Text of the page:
Data Decay: What, Why and How?February 6, 2023
People and companies change every day. Companies make acquisitions, people change jobs, and intentions are dynamic. This means your data changes every day – but is your database up to date? Is the data you use to drive your business as accurate as the day you procured it? Data Decay is an issue that every company must face at some point. Email marketing databases, for example, naturally degrade by approximately 23% every year according to Hubspot.
Data decay has especially accelerated during and after the pandemic. This is agreed on by 79% of Customer Relationship Management (CRM) users according to The State of CRM Data Health in 2022 published by Validity. As the business environment restructures itself in the post-pandemic era, a new symptom is quickly spreading among companies: millions of workers are still quitting their jobs in 2022. The “Great Resignation” is affecting even the most solid data-driven strategies for B2B marketers.
High-quality data is the fuel that makes the sales funnel engines spin. According to the Global Data Management Report, which considered responses from 700 data-centric business leaders around the globe, 84% of B2B companies saw increasing demand for data-driven insights within their organizations during the COVID-19 pandemic. The effects derived from the “Great Reshuffle” or “Big Quit” have accelerated this decay to levels not fully understood.
While the degree of decay is not yet fully understood, our response to it can greatly mitigate the effects the decay will have on our organizations’ successful use of data to drive decisions. Here are 6 ways you can address data decay to ensure your data is accurate, up-to-date and, most of all, insightful:
1. Establish alignment between sales and marketing from a single source of truth
Ensure your sales and marketing teams agree on what “good” looks like for your data ecosystem and develop a rubric to foster such alignment. Without clear expectations across teams, the rate of data decay amplifies as already degraded data is being input through disparate processes without governance or attention to detail. Until this is done, SDRs, AEs, and Marketing Ops will all be focused only on the data points relevant to them without thinking about how it impacts other parts of the organization. Your Marketing and Sales teams should also align on which third-party data provider(s) to use as their external trusted source. This positively affects organizational change management through establishing a consistent set of semantics, a single data landscape/shared data values, and shared series of rubrics and lexicon to define data success and quality.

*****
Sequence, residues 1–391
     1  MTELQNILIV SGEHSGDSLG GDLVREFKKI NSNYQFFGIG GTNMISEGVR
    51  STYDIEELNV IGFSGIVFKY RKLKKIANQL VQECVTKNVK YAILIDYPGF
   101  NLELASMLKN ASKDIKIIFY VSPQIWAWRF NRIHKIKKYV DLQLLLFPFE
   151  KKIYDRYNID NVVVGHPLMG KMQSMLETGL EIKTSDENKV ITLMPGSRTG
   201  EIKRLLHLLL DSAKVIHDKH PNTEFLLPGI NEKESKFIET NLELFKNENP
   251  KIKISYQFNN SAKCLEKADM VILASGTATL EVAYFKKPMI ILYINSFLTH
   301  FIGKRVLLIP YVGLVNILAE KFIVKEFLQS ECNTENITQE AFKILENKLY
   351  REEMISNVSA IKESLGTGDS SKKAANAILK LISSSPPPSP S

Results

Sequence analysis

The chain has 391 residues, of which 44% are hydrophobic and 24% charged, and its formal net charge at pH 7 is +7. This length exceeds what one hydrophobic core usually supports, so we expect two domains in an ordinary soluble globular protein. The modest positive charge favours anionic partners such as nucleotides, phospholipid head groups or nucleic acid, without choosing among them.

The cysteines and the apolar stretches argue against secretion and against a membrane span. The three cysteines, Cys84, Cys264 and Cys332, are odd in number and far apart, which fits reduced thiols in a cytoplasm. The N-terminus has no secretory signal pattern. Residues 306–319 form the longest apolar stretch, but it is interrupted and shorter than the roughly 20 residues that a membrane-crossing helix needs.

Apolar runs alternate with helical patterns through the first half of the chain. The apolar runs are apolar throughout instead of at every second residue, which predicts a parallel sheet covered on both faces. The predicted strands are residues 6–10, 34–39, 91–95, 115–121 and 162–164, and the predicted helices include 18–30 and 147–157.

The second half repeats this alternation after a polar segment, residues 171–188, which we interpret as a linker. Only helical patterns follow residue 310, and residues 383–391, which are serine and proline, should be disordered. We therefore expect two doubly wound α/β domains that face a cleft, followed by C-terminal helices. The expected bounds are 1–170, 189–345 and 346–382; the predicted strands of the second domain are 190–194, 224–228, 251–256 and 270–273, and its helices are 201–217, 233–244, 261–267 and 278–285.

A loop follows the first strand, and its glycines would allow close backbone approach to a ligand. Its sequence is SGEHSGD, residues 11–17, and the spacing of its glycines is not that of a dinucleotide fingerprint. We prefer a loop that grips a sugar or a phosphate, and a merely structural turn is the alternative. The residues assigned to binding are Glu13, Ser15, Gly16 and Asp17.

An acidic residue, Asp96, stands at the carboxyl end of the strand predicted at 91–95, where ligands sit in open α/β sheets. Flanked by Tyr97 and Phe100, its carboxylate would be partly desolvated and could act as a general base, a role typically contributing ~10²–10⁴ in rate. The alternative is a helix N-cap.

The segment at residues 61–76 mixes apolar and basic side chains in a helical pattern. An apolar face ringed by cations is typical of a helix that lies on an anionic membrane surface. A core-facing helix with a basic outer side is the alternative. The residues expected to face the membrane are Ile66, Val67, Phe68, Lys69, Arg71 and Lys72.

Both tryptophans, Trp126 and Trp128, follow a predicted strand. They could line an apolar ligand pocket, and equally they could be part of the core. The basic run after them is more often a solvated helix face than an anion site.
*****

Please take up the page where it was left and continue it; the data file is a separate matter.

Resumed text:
Map out your sales and marketing processes, motions and channels > Determine which data is necessary to enable those processes effectively > Develop a rubric to measure data quality in key domains and define what “good” looks like.
2. Maintain your CRM ecosystem
Customer Relationship Management (CRM) tools are the best source of relevant information for building up and maintaining your dataset for your sales teams. They harbor all the interactions made with every lead, prospect, and client you ever contacted. A well maintained CRM ecosystem enables your sales and marketing teams to efficiently monitor and analyze the sales pipeline and easily organize automated email send-outs. Best practices include:
- Determine how often you need to audit your data – quarterly is often a best practice.
- Remove unsubscribed or bounced records. Remove or merge any duplicate records you find.
- Once or twice a year, look at unengaged prospects and remove or create re-engagement campaigns. Regular maintenance will give you better sales and marketing outcomes.
- Integrate your CRM system with other data solutions, making sure both sales and marketing use one system to collect data and align all the data sources into one space to collect as much input as possible.